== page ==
Refereed journal article or data article (A1)

Preterm infant meconium microbiota transplant induces growth failure, inflammatory activation, and metabolic disturbances in germ-free mice




List of Authors: Hiltunen Henni, Hanani Hila, Luoto Raakel, Turjeman Sondra, Ziv Oren, Isolauri Erika, Salminen Seppo, Koren Omry, Rautava Samuli

Publisher: ELSEVIER

Publication year: 2021

Journal: Cell Reports Medicine

Journal name in source: CELL REPORTS MEDICINE

Journal acronym: CELL REP MED

Volume number: 2

Issue number: 11

Number of pages: 12

ISSN: 2666-3791

eISSN: 2666-3791

DOI: http://dx.doi.org/10.1016/j.xcrm.2021.100447

URL: https://www.sciencedirect.com/science/article/pii/S2666379121003153?via%3Dihub

Self-archived copy’s web address: https://research.utu.fi/converis/portal/detail/Publication/68304874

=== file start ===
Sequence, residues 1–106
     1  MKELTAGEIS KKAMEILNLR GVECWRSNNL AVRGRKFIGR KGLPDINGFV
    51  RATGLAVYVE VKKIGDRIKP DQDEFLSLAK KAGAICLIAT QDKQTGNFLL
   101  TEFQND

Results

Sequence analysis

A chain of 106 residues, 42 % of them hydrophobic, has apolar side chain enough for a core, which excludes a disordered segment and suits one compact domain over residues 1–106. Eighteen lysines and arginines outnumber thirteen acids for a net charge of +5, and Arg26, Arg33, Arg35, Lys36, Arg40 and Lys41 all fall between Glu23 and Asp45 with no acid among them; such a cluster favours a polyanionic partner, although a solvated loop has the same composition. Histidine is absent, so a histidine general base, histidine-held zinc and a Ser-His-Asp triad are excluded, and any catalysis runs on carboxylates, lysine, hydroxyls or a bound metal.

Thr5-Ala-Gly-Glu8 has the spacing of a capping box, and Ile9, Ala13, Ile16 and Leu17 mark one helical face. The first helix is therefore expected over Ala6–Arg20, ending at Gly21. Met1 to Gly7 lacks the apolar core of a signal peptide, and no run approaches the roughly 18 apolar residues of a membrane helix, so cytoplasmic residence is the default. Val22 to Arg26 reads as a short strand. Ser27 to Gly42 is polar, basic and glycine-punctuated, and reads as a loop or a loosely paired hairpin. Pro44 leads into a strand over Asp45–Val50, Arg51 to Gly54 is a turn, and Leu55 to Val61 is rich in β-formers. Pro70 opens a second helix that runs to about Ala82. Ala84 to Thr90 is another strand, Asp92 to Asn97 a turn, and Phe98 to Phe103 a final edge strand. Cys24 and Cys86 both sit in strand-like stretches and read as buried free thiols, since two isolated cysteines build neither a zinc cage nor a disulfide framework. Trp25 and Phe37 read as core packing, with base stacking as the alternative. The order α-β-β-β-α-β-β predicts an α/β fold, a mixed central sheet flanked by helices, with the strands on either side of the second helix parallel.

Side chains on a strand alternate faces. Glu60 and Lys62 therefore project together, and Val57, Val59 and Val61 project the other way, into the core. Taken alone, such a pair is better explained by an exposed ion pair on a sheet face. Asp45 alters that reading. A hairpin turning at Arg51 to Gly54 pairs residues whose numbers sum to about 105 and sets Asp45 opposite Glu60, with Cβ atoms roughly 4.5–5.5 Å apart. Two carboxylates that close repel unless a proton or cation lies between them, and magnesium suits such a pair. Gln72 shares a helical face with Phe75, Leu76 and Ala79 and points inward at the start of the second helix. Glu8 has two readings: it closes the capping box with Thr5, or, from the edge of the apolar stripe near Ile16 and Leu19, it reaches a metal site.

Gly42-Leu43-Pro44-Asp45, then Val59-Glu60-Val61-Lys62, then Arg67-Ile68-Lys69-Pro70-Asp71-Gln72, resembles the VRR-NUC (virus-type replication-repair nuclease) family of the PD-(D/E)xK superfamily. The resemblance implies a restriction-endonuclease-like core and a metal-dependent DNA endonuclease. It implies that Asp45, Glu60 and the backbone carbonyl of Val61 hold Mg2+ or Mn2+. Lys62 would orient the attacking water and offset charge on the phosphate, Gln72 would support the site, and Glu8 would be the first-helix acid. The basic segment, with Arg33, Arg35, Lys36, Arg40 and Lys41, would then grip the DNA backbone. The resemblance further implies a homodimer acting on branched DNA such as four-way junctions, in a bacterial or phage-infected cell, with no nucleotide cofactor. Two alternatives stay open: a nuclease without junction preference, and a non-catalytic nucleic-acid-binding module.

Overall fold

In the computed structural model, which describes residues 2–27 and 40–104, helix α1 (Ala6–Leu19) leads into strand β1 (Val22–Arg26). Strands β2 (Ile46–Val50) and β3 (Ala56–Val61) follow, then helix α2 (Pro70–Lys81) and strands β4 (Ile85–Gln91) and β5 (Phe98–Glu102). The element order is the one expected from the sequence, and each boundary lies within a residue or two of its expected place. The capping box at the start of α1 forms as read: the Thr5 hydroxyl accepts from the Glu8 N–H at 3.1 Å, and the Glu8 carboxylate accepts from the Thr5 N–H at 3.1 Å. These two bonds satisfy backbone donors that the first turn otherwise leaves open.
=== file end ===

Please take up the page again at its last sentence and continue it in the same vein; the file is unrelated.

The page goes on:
Abstract

Preterm birth may result in adverse health outcomes. Very preterm infants typically exhibit postnatal growth restriction, metabolic disturbances, and exaggerated inflammatory responses. We investigated the differences in the meconium microbiota composition between very preterm (<32 weeks), moderately preterm (32-37 weeks), and term (>37 weeks) human neonates by 16S rRNA gene sequencing. Human meconium microbiota transplants to germ-free mice were conducted to investigate whether the meconium microbiota is causally related to the preterm infant phenotype in an experimental model. Our results indicate that very preterm birth is associated with a distinct meconium microbiota composition. Fecal microbiota transplant of very preterm infant meconium results in impaired growth, altered intestinal immune function, and metabolic parameters as compared to term infant meconium transplants in germ-free mice. This finding suggests that measures aiming to minimize the long-term adverse consequences of very preterm birth should be commenced during pregnancy or directly after birth.


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Last updated on 2022-28-06 at 11:32